"It was frustrating [not to play], but I believe in the direction of this program and what we're doing," said Isaacs, who is now attending graduate school at Maryland. "Leaving was not an option. I always wanted to stay and help us win."

Durkin has often credited the team's upperclassmen who remained after he took the job for helping develop the culture that is now starting to reap positive results on the field. In Durkin's eyes, Isaacs is right at the top of that list.

"Great teammate, great player, great friend, great person to coach," Durkin said Tuesday on the Big Ten coaches' teleconference. "He's been through a few things — traumatic injury in his career, very unselfishly he switched positions.

"He thought that was the best opportunity to get on the field and help us. We went ahead and did that. He's obviously learning a new position and getting better with every rep he gets. He's such a hard worker, an accountable-type guy."

Senior nose tackle Kingsley Opara, who roomed with Isaacs when they were freshmen, has watched the evolution. He recalled how Isaacs had to lose weight in order to get in the rotation at tight end, only to suffer the injury shortly after becoming a starter.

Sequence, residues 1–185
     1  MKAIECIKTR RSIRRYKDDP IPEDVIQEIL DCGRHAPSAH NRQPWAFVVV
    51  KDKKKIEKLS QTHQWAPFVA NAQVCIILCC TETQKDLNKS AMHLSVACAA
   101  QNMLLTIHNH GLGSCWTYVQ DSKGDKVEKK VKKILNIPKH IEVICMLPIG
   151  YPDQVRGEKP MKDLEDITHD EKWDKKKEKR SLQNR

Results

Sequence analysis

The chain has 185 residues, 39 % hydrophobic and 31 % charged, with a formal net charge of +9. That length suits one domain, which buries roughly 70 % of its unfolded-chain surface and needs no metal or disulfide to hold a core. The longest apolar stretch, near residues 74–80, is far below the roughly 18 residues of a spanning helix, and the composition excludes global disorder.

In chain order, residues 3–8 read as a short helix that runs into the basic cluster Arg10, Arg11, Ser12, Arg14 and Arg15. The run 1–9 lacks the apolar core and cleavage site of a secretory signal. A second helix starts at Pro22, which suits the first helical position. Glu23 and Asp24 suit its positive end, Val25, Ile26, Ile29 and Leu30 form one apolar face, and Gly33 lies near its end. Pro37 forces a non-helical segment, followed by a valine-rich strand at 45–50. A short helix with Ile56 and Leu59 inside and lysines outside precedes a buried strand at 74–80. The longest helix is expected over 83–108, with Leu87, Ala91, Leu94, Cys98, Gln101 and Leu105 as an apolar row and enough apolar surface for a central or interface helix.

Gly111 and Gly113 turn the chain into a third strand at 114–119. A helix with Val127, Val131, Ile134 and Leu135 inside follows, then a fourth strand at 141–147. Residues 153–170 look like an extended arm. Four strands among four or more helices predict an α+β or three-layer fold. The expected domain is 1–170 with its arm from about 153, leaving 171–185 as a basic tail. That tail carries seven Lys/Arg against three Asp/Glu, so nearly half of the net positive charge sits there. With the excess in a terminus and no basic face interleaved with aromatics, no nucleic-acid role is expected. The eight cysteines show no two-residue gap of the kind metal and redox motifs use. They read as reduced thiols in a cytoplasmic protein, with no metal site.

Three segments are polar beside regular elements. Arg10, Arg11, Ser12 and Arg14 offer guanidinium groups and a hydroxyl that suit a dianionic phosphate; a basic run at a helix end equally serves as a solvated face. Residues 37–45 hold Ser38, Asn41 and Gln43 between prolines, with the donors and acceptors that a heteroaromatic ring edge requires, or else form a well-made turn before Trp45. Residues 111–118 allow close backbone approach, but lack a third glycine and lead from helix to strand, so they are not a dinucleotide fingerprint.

"He just balled hard to get on the field and then he had that unfortunate injury," Opara said Saturday. "It's great to see his maturation as a defensive lineman. Andrew just wanted to help the team. It's just a blessing to play with someone like Andrew. He's like my brother."

If he was familiar with the physical struggle of a serious knee injury and the rehab that follows — he tore the ACL in the same knee while playing at Manchester High in Connecticut — the switch from offense to defense tested Isaacs mentally.